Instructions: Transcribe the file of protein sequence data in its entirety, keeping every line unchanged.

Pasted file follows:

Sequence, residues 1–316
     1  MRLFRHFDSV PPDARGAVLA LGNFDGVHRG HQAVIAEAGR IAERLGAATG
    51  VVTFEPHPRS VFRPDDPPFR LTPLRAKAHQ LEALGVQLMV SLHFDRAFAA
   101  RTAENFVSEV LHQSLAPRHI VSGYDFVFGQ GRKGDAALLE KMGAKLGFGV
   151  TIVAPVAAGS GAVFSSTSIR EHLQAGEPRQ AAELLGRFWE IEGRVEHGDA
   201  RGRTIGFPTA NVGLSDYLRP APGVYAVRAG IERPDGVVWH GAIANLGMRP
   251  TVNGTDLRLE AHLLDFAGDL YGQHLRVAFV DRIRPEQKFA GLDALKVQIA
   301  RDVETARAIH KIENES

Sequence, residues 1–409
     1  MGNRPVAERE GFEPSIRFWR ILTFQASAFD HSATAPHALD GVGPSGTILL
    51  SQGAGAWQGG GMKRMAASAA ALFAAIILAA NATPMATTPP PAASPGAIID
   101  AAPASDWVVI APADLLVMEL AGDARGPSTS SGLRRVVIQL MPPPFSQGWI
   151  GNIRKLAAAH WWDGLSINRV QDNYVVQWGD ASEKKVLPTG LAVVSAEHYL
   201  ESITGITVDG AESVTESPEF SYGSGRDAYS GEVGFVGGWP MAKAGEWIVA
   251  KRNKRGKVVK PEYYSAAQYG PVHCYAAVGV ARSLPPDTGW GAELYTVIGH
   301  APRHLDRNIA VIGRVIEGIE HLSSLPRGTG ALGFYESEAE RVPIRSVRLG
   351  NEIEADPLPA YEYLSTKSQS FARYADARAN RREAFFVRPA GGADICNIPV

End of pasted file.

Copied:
Sequence, residues 1–316
     1  MRLFRHFDSV PPDARGAVLA LGNFDGVHRG HQAVIAEAGR IAERLGAATG
    51  VVTFEPHPRS VFRPDDPPFR LTPLRAKAHQ LEALGVQLMV SLHFDRAFAA
   101  RTAENFVSEV LHQSLAPRHI VSGYDFVFGQ GRKGDAALLE KMGAKLGFGV
   151  TIVAPVAAGS GAVFSSTSIR EHLQAGEPRQ AAELLGRFWE IEGRVEHGDA
   201  RGRTIGFPTA NVGLSDYLRP APGVYAVRAG IERPDGVVWH GAIANLGMRP
   251  TVNGTDLRLE AHLLDFAGDL YGQHLRVAFV DRIRPEQKFA GLDALKVQIA
   301  RDVETARAIH KIENES

Sequence, residues 1–409
     1  MGNRPVAERE GFEPSIRFWR ILTFQASAFD HSATAPHALD GVGPSGTILL
    51  SQGAGAWQGG GMKRMAASAA ALFAAIILAA NATPMATTPP PAASPGAIID
   101  AAPASDWVVI APADLLVMEL AGDARGPSTS SGLRRVVIQL MPPPFSQGWI
   151  GNIRKLAAAH WWDGLSINRV QDNYVVQWGD ASEKKVLPTG LAVVSAEHYL
   201  ESITGITVDG AESVTESPEF SYGSGRDAYS GEVGFVGGWP MAKAGEWIVA
   251  KRNKRGKVVK PEYYSAAQYG PVHCYAAVGV ARSLPPDTGW GAELYTVIGH
   301  APRHLDRNIA VIGRVIEGIE HLSSLPRGTG ALGFYESEAE RVPIRSVRLG
   351  NEIEADPLPA YEYLSTKSQS FARYADARAN RREAFFVRPA GGADICNIPV